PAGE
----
BPI Recommends Call Report Changes to Address Troubled Debt Restructuring

To Whom It May Concern:

The Bank Policy Institute[1] welcomes the opportunity to respond to the joint notice and request for comment by the Board of Governors of the Federal Reserve System, the Federal Deposit Insurance Corporation, and the Office of the Comptroller of the Currency, regarding revisions to the Consolidated Reports of Condition and Income (Call Reports) and Report of Assets and Liabilities of U.S. Branches and Agencies of Foreign Banks (FFIEC 002).[2]

BPI is supportive of the purpose of the proposed revisions to the Call Reports in replacing TDRs, which are no longer recognized following the adoption of Accounting Standards Update No. 2022-023 and the CECL methodology, with modifications to borrowers experiencing financial difficulty (MBEFD). BPI previously submitted comments to the Agencies regarding the importance of conforming Call Report reporting standards with U.S. GAAP, including not maintaining a cumulative reporting standard for MBEFDs. We appreciate that these comments appear to have been considered for the current proposal, which does not contain this unnecessary and burdensome reporting practice and further considers a potential 12-month reporting period in accordance with ASU 2022-02. It is critical that any regulatory reporting requirements for MBEFDs remain aligned with existing U.S. GAAP standards. Our comments herein are intended to reinforce this view and highlight the complexities that would arise if the reporting requirements are not aligned. Our comments also request increased clarity surrounding the proposed changes to the definition of ‘Past Due’ across the Call Reports and FFIEC 002.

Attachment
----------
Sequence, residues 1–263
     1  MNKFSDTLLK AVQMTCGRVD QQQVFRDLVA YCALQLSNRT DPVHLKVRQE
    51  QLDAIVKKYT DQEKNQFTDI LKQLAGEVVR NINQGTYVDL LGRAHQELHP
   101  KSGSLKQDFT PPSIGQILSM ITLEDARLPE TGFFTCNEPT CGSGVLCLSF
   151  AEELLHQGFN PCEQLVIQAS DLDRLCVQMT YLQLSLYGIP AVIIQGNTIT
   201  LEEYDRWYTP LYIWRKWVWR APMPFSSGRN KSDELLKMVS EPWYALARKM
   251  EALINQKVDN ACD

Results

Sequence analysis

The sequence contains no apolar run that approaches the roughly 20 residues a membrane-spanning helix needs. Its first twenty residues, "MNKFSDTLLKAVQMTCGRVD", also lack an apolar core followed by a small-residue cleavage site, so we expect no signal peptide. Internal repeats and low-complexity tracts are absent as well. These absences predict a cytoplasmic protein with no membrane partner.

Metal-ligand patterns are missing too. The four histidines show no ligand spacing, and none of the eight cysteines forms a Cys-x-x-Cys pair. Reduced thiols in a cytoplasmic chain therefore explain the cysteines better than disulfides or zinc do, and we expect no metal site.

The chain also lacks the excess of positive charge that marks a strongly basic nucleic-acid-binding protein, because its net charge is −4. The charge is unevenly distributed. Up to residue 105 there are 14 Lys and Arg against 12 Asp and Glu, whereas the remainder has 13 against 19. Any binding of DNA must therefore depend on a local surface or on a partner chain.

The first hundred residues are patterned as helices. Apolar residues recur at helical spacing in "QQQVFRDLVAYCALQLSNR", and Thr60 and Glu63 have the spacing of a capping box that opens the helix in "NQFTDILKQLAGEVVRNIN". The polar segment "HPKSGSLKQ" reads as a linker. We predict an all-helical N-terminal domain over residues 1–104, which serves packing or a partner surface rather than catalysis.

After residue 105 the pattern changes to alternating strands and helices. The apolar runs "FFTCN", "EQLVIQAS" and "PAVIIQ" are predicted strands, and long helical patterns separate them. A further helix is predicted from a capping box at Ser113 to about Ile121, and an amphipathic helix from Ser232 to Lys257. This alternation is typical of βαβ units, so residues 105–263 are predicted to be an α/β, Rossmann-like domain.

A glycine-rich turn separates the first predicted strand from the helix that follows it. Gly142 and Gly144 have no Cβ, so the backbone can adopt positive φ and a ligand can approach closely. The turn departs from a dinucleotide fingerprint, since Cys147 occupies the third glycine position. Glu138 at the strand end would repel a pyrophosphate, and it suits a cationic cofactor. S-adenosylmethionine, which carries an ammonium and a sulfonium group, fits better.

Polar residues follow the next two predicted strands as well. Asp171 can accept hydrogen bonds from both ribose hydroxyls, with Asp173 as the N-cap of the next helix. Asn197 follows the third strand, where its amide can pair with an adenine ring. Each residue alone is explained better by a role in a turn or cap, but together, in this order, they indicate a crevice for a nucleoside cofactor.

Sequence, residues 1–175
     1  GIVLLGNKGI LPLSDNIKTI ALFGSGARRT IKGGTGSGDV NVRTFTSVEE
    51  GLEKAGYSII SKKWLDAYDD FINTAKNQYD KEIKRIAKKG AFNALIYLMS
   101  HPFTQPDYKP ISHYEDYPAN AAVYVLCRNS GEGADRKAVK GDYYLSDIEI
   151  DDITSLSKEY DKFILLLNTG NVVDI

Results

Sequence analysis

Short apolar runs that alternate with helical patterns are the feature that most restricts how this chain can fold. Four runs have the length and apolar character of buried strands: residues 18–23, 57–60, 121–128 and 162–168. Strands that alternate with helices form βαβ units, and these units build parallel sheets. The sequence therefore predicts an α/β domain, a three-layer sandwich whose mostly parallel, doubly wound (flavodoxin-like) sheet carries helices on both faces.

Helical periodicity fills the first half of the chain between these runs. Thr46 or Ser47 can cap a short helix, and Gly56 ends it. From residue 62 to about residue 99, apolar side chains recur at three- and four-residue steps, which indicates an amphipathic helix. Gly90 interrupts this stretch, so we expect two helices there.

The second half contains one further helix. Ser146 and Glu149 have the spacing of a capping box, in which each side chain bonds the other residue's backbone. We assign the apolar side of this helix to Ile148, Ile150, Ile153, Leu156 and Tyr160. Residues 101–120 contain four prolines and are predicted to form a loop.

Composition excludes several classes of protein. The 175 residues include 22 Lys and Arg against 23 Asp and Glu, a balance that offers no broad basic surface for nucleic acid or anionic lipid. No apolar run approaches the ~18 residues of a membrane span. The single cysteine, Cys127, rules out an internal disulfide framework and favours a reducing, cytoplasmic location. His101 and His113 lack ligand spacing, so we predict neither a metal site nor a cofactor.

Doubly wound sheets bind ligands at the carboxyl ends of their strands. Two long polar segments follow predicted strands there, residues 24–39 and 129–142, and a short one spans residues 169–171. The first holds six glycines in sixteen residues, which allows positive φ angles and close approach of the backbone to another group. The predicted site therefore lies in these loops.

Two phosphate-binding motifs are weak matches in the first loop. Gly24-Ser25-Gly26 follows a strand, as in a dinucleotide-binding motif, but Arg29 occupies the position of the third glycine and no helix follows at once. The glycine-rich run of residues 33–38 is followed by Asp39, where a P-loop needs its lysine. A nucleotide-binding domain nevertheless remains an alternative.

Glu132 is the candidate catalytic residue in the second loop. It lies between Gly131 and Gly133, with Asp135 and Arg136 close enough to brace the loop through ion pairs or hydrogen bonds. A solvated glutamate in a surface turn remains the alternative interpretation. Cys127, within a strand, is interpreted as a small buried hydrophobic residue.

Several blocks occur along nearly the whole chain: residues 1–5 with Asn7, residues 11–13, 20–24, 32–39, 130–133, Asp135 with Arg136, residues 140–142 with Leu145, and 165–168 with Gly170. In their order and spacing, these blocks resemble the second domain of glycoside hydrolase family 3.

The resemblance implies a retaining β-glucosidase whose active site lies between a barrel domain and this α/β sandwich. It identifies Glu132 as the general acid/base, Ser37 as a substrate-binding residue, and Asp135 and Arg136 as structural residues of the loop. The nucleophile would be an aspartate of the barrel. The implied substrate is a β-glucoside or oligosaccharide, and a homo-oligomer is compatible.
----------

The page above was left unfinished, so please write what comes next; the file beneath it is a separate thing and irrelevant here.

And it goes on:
To read the full comment letter, please click here, or click on the download button below.

[1] BPI is a nonpartisan public policy, research, and advocacy group, representing the nation’s leading banks and their customers. BPI’s members include universal banks, regional banks, and major foreign banks doing business in the United States. Collectively, they employ almost two million Americans, make nearly half of the nation’s small business loans, and are an engine for financial innovation and economic growth.

[2] 88 Fed. Reg. 66933.